Do We Believe in Limbo? (Limbo Part I)

I’m studying the recent document The Hope of Salvation for Infants Who Die Without Being Baptized by the International Theological Commission (an advisory body that carries zero theological weight or magisterial authority). The death of unbaptized infants has always been difficult point in Catholic theology. God wants all to be saved (including infants). Baptism is the ordinary means of grace for salvation. If infants die without baptism, they are guilty of neither personal sins nor for resisting baptism. Yet they still have original sin. So where do they end up?

Subtle theologians recalled the Limbus Patrum or “the limbo of the Fathers” of the Old Covenant. It was believed that there was an edge or fringe (Latin: limbus) that did not include the fiery torments of hell or gehenna. It was here in the “pleasant place” of hell/sheol/hades that the Old Covenant faithful waited until Christ “descended into hell.” It is the place of natural beatitude, yet without the beatific vision of God.

This pleasant “edge of hell” is called limbo or “Abraham’s bosom” in Sacred Scripture (cf. Lk 16:22). This division of the abodes of the netherworld is attested to by the likes of Saint Thomas Aquinas and goes back to Jewish sources. For example, the Jewish Book of Enoch (a non-canonical, non-inspired book) describes Sheol (the underworld) as divided into four sections:

  1. for the truly righteous {Abraham’s bosom or Limbo of the Fathers}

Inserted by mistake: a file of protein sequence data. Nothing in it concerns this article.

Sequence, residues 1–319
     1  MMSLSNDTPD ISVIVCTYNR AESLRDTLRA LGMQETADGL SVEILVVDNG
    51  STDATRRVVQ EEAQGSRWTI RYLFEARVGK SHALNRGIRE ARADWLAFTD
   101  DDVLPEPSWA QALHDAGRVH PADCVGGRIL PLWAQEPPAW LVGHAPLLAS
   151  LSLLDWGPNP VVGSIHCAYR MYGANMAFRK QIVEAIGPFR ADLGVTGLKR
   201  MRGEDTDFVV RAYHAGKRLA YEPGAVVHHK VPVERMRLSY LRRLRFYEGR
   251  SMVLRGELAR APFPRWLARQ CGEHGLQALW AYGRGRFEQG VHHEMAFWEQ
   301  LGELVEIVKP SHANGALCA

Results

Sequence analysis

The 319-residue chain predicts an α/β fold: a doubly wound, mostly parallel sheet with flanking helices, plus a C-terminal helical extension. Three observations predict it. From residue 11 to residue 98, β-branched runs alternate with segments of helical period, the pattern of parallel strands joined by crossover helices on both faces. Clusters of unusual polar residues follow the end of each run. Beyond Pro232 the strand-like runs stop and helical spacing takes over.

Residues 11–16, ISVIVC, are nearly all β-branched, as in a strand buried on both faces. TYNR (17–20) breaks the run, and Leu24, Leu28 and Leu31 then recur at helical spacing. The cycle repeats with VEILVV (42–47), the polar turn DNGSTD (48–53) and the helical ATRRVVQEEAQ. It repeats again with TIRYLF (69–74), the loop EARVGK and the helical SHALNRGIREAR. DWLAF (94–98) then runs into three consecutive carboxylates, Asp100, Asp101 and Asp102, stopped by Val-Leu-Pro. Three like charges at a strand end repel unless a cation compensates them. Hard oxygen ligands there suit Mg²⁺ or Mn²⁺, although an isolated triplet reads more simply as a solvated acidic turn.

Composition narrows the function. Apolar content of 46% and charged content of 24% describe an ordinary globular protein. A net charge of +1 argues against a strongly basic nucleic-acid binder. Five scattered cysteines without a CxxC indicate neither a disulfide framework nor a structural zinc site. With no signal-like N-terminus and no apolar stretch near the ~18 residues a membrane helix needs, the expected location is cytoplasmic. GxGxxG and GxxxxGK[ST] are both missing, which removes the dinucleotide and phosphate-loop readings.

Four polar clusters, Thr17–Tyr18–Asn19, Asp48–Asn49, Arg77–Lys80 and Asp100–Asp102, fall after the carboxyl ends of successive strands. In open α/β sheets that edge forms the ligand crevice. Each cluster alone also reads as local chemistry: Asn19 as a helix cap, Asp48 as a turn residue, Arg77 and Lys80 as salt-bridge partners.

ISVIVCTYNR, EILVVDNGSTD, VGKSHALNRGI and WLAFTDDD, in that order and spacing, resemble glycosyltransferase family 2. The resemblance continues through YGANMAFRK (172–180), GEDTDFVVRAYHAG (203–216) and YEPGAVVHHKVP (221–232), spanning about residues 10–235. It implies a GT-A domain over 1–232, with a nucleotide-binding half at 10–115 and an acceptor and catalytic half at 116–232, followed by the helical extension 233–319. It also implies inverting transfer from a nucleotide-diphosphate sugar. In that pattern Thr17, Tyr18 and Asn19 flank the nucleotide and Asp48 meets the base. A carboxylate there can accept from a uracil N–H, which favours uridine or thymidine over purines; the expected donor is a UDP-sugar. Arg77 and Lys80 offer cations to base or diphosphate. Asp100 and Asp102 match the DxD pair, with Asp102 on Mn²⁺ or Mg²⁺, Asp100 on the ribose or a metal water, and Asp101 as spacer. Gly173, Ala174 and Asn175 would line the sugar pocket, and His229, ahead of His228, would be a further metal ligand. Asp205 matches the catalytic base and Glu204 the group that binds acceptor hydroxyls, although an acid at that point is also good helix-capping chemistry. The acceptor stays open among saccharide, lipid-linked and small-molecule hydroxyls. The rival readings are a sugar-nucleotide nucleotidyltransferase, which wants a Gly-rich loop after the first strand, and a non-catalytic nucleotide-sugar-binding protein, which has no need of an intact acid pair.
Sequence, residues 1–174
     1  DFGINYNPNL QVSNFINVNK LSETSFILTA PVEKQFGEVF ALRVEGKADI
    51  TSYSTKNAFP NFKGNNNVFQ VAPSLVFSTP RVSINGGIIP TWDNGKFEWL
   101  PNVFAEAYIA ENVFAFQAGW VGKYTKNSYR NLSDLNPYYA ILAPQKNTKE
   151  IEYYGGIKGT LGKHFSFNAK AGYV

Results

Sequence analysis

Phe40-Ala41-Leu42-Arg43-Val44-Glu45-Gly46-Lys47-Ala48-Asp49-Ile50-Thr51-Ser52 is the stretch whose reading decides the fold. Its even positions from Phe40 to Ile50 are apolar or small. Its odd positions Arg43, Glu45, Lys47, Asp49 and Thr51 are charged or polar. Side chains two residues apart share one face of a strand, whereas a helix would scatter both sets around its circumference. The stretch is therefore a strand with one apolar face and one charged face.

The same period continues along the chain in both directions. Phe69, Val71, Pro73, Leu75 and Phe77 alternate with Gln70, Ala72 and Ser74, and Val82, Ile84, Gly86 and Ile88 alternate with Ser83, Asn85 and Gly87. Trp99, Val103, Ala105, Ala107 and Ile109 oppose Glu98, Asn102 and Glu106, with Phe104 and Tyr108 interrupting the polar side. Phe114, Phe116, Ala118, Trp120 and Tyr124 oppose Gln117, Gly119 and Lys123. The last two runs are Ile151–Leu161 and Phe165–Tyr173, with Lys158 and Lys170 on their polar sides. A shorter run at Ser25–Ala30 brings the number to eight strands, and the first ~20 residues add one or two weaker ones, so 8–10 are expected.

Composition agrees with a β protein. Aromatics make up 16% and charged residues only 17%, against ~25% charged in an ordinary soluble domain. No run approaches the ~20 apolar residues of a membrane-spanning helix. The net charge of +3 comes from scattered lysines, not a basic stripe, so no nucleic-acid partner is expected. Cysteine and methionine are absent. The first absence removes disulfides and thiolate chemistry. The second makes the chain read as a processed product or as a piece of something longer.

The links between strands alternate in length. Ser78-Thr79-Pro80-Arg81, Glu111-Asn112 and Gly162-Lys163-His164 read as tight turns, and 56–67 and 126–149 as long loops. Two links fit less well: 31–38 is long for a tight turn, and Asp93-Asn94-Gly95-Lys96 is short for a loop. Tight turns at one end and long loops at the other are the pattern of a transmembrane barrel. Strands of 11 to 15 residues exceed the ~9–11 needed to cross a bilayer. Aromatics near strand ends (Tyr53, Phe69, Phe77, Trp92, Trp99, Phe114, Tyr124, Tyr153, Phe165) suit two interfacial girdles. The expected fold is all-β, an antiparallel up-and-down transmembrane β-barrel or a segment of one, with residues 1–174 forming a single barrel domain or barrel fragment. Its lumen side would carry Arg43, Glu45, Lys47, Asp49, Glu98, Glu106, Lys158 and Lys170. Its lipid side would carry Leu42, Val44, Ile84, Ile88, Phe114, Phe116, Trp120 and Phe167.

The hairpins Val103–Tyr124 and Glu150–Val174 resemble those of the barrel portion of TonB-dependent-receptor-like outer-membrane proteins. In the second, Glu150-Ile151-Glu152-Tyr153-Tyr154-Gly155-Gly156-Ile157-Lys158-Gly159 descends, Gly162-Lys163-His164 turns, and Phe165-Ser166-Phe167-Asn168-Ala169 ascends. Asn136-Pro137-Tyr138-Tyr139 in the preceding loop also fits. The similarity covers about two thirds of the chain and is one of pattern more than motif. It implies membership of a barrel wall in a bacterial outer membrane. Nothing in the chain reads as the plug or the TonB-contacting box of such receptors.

2. the good {Limbo of the Infants????}
  3. the wicked awaiting judgment at the resurrection {i.e. something like purgatory???}, 
  4. and the wicked that will not even be resurrected {i.e. Gehenna???}.

Similarly, Saint Thomas Aquinas teaches that there are four abodes in the netherworld:

  1. Limbo of the Fathers (emptied after the death of Christ)
  2. Limbo of the Infants (bliss and paradise for unbaptized babies or Gentile babies of the Old Testament)
  3. Purgatory (justified Christians in need of further sanctification after death)
  4. Gehenna (the Hell of the damned)

According to Catholic teaching, when Christ descended into Hell (the section called Limbus), He applied the merits of His death to the souls of the Old Covenant faithful and brought them to Heaven.

This vacated Limbus Patrum was the perfect place to assign unbaptized infants. This “limbo” was not heaven, but it was also not the fires of hell. Subsequently, theologians distinguished the limbo of the Fathers from the limbo of the infants.

It was a suitable solution to a difficult problem: unbaptized babies went to limbo where they lived in natural bliss apart from the supernatural life necessary to dwell in the beatitude of God’s presence. So limbo has all the features of heaven (paradise, bless, perfect natural happiness), yet without the vision of God.

This position has its problems since it holds that parents would never be reunited with these children. It also causes difficulty with Saint Paul’s assertion that “God desires all men to be saved” not “God desires all men to live at least in natural bliss on the edge of hell.”

The reasons for the recent study The Hope of Salvation for Infants Who Die Without Being Baptized (again, a document without magisterial authority) are given at the beginning of the document:

2. In these times the number of infants who die unbaptized is growing greatly. This is partly because of parents influenced by cultural relativism and religious pluralism who are nonpracticing, but it is also partly a consequence of in vitro fertilization and abortion. Given these developments, the question of the destiny of such infants is raised with new urgency.

In such a situation the ways by which salvation may be achieved appear ever more complex and problematic. The church, faithful guardian of the way of salvation, knows that salvation can be achieved only in Christ, by the Holy Spirit. Yet as mother and teacher, she cannot fail to reflect on the destiny of all human beings, created in the image of God,2 and especially of the weakest.

More thoughts coming soon.

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